When all were delivering their ideas to the rest of the class, we were aware that groups 1 and 2 were receiving positive feedback and Brenda was interacting a lot more with these groups. We were impressed with the idea we had come up with, with the resources that we had. Yet, to hear little to no feedback on it made us question if we had done something wrong.

Our group felt the need to work harder, and prove ourselves more worthy of praise from Brenda. We longed for positive feedback like the other groups had received. We somewhat felt neglected by Brenda and couldn’t quite grasp what we had done wrong. We started to get exasperated near the end of the task, as Brenda continued to ignore us and give off comments and gestures that we believed to be quite rude.

In reflection of the task, I feel as though I am now more aware of meritocracy: the holding of power by people selected according to merit. Brenda’s demonstration highlighted that teachers simply cannot discriminate against those without resources. The praise that Brenda gave the other groups, if in a real classroom environment, would make children feel very anxious, and unwilling to participate in classroom activities. A relationship with a teacher should be healthy, not like the way Brenda was portraying.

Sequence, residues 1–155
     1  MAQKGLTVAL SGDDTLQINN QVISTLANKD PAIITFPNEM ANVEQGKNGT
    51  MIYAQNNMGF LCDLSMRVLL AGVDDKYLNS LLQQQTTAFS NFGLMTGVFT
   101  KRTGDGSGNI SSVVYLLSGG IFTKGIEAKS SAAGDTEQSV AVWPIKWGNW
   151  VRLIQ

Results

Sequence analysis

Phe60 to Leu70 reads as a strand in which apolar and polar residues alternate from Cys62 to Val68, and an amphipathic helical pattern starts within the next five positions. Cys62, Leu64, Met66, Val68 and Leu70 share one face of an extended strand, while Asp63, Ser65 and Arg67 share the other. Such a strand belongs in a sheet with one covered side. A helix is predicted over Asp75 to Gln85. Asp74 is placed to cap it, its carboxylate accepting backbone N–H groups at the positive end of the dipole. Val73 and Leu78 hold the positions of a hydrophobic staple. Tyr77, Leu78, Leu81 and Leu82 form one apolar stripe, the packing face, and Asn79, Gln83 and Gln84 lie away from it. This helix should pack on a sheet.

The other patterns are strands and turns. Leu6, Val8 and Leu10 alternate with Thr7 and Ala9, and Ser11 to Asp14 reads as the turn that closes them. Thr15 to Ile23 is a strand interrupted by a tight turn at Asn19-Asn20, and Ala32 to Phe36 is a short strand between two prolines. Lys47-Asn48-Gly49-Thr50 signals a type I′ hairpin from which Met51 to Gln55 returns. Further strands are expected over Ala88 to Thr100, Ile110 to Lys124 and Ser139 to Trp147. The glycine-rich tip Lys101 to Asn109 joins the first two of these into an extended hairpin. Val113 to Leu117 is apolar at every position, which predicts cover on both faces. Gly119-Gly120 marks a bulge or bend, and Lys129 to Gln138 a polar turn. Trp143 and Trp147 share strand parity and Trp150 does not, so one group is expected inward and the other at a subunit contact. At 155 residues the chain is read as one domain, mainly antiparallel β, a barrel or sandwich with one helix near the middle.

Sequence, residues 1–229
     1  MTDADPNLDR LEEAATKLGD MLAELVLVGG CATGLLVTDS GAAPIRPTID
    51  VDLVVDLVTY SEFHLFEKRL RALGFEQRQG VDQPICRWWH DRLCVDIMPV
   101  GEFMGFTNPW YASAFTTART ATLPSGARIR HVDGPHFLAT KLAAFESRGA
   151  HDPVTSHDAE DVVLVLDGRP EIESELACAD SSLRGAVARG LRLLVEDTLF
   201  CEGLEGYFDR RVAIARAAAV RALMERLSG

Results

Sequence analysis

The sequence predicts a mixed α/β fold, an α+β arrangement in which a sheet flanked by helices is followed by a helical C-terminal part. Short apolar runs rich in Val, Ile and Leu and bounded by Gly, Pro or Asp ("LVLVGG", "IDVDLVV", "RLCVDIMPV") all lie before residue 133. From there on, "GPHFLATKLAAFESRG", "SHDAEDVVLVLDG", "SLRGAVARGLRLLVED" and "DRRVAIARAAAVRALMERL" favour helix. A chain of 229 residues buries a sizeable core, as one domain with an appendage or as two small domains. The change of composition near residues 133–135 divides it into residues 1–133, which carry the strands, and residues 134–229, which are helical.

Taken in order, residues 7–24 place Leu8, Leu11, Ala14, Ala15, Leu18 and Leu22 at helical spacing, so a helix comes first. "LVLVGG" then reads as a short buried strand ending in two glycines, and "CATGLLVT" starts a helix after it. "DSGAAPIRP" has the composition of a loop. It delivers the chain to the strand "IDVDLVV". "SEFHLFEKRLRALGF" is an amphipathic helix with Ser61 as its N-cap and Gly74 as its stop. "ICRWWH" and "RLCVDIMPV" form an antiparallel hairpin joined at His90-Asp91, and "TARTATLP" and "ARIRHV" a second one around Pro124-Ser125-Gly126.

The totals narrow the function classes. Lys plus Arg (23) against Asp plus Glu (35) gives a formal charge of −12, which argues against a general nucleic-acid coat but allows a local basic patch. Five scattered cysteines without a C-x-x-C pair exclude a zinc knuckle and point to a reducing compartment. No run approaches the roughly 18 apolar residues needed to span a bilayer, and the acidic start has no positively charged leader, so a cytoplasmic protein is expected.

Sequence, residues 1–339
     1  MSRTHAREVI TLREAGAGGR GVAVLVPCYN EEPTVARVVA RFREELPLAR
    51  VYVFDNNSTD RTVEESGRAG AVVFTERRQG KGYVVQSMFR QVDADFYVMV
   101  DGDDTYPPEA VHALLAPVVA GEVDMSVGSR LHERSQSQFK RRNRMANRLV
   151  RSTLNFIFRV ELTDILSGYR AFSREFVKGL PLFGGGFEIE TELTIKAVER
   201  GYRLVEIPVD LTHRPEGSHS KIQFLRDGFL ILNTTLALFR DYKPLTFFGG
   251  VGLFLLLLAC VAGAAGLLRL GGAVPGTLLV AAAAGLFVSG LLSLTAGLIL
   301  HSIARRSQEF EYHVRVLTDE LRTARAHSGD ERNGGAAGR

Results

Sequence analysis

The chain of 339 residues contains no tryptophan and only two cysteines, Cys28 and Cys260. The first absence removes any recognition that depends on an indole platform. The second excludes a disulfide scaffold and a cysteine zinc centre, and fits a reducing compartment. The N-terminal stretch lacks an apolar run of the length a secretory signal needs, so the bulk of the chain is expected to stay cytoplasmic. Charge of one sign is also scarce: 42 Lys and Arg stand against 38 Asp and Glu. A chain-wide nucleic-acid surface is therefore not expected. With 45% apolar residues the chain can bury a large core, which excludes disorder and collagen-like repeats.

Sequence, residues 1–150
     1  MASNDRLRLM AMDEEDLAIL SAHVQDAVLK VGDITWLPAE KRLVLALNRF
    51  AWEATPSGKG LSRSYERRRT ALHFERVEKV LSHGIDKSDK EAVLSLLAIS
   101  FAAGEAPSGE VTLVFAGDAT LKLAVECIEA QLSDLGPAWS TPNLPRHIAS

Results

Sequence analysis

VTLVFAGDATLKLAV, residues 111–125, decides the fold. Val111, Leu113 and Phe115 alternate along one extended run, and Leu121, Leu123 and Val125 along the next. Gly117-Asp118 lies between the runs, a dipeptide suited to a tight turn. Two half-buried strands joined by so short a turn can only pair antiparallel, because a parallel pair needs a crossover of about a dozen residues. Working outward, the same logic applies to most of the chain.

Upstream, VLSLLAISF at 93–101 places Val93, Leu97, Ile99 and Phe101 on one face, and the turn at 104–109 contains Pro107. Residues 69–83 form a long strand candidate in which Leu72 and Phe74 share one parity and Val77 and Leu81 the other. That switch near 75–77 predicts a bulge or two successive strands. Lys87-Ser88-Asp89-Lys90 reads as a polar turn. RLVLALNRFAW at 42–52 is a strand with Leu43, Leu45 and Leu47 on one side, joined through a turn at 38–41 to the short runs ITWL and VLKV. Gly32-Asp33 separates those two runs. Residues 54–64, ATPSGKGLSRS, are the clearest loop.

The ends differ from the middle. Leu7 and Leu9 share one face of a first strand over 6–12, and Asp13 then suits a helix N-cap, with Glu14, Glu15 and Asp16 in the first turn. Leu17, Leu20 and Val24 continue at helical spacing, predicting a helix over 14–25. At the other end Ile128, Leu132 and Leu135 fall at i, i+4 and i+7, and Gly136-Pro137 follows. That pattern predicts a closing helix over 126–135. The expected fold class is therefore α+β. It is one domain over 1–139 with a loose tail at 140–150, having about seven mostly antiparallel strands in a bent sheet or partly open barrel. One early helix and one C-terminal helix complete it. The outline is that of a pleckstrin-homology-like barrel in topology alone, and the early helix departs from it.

When we came to discuss this topic with the rest of the class, we became aware that groups 1 and 2 had no realisation that they were being treated differently to the other groups. This reflects that many children with the best resources and opportunities in life, will no be aware of those who surround them that are living in poverty and deprivation.

Reflecting overall, it is clear that teachers must give every child equal opportunities in the classroom, but this comes as a struggle when you are unaware of the child’s background. I have also seen how it is very easy to favour specific individuals, and not even be aware that you are doing so. To prevent these structural inequalities, a teacher should provide every child with the exact same opportunities, and understand that there will be students in the class that require more assistance than others. When achieving this, you are making the learning environment a happier place where children want to learn. They will get the best out of there learning experience, and ultimately structural inequalities will be reduced.